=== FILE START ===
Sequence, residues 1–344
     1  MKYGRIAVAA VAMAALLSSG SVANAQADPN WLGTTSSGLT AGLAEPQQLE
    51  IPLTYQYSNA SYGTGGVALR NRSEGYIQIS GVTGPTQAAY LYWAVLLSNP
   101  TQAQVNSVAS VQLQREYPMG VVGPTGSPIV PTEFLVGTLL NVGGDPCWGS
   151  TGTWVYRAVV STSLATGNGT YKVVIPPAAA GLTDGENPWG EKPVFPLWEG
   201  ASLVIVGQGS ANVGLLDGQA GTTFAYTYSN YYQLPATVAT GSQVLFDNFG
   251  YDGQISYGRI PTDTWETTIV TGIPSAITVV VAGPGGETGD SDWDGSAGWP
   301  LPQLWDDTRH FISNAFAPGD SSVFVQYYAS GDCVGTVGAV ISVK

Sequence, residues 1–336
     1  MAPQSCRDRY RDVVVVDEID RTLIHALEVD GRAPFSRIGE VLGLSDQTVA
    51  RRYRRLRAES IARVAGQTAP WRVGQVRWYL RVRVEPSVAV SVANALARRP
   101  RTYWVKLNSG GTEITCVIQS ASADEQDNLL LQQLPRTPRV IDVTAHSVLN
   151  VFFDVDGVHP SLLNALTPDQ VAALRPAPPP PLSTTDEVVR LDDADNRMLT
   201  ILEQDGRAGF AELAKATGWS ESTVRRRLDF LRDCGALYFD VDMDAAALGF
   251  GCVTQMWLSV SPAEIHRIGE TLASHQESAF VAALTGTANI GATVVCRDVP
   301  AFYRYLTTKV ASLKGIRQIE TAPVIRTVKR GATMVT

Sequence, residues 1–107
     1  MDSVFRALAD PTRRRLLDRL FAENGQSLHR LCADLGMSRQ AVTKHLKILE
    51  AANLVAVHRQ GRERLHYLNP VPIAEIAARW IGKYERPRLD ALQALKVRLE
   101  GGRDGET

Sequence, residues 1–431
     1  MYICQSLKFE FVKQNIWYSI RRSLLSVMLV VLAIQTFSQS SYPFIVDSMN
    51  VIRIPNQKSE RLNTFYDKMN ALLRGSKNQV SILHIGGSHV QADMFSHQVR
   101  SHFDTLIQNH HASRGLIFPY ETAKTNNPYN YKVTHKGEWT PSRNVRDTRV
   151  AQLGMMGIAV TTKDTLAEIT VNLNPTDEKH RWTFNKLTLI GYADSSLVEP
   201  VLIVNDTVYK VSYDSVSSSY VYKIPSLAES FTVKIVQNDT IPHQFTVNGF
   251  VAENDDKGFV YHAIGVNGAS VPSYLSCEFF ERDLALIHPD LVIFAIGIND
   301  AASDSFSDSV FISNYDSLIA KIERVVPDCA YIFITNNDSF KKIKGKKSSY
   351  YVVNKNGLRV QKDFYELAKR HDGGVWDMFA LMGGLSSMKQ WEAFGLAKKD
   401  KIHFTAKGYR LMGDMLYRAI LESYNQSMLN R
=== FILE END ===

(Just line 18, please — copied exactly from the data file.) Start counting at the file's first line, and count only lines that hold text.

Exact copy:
     1  MDSVFRALAD PTRRRLLDRL FAENGQSLHR LCADLGMSRQ AVTKHLKILE